So Much for Local Chains: Starbucks Zaps La Boulange

Just as it kinda-sorta seemed that Dick Costolo waited until Rupert Murdoch retired form News Corp. to announce he was leaving his role at Twitter, so too did Starbucks suspiciously wait until San Francisco was giddy celebrating the Warriors’ championship to announce that it was closing down all 23 locations of La Boulange by the end of September.

As Stephanie Tanner would put it, “How rude!”

[jump] Having paid $100 million for the homegrown chain in 2012 in an effort to address all the negative feedback that their in-house pastries sucked, Starbucks took only three years to turn it to dust. (The company will retain the name, just not the independent shops.) It’s not so much that La Boulange is the greatest thing ever — this takedown in the OC Weekly last year is a pretty hilarious read — but that once again, we see globalized capitalism absorbing something local and real into its gastrointestinal tract only to crap it out and walk away. Irrespective of a given company’s products, the world is simply a blander, more homogeneous place without local businesses in it.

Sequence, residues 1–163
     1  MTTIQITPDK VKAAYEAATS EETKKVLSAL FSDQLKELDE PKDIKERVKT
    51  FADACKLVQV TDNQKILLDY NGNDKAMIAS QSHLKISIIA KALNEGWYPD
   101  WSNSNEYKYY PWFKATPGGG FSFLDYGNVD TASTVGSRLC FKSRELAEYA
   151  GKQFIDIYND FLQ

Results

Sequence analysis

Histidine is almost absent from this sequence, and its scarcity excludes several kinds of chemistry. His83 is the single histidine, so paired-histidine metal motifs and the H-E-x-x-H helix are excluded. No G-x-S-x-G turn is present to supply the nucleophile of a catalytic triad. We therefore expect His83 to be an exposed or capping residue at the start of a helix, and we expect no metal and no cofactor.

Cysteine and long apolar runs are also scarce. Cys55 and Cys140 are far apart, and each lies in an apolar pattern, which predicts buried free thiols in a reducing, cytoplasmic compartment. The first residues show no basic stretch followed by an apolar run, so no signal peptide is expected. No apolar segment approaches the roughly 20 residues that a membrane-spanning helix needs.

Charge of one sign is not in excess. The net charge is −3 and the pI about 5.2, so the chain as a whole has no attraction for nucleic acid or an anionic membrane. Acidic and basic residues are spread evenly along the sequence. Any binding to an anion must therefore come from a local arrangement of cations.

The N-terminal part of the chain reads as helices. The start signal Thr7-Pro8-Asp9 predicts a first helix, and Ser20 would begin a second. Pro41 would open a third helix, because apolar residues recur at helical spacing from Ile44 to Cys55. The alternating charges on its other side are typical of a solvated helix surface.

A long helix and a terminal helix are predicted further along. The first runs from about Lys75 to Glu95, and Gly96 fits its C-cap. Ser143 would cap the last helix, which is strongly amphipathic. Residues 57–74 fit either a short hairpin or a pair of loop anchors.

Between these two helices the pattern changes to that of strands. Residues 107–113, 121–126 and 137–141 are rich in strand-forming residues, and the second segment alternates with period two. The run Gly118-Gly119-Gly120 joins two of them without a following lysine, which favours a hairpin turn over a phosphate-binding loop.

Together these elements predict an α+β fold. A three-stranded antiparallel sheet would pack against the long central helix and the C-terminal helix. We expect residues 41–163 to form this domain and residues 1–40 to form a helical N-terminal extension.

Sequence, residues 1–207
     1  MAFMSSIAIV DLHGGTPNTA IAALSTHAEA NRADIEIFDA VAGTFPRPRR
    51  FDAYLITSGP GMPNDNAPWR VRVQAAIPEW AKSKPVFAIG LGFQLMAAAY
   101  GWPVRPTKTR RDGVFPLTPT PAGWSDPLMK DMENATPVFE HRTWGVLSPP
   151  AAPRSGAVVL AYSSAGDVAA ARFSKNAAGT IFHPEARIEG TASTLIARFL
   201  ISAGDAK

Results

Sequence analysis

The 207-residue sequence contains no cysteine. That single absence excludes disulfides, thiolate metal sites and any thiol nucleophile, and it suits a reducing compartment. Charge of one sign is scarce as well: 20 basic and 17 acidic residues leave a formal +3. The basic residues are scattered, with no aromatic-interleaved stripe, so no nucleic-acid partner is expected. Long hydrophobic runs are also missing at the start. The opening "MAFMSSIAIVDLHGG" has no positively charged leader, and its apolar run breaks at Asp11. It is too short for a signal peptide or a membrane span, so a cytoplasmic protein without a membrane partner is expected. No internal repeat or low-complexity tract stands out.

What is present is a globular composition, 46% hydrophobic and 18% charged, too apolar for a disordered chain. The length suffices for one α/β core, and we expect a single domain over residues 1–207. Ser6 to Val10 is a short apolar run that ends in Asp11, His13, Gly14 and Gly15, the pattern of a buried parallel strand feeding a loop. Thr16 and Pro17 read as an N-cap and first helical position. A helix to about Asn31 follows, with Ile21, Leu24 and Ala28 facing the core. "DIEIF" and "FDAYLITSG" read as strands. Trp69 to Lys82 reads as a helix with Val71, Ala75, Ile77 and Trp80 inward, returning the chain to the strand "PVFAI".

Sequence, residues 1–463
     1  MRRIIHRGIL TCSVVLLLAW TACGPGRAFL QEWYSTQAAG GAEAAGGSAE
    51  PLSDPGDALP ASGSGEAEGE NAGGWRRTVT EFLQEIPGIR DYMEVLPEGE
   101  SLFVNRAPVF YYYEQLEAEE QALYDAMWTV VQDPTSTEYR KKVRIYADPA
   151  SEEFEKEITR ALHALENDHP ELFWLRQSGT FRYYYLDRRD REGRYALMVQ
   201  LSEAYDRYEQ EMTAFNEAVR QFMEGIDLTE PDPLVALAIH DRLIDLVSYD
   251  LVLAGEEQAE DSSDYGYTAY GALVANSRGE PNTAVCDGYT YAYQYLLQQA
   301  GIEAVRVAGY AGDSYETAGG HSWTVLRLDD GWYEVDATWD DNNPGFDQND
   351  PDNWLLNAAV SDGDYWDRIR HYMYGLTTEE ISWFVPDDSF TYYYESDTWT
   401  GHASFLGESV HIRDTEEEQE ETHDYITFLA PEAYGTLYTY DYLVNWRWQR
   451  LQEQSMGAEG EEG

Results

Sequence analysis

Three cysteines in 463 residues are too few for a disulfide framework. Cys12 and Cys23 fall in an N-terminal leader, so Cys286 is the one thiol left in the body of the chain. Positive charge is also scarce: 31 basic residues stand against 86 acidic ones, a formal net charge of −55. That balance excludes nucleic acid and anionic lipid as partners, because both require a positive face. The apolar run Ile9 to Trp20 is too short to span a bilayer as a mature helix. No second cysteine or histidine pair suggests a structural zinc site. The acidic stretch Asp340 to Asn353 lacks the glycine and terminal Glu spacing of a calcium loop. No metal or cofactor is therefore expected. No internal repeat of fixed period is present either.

The writing was on the wall for this last year, when Starbucks began quietly reintroducing old items back into the lineup. Customers elsewhere in the country complained that things suited to San Francisco tastes were “too fancy.” (This is a big deal when you consider that Starbucks’ faces stiff competition from McDonald’s for the morning rush.)

It seems like for every nice thing Starbucks does, it has to compensate with something shitty. Yes, they pay decently and offer health insurance and stock, but then they make baristas write “Race Together” on your cups and ruin their lives with arbitrary scheduling. Yes, CEO Howard Schultz told that antigay investor to sell his shares, but the pumpkin spice latte is to blame for all the world’s ills. At least this frees up some prime real estate at Cole and Parnassus, Hayes and Octavia, 9th and Irving, and one floor down from where I’m writing this.

[Via SF Business Times]

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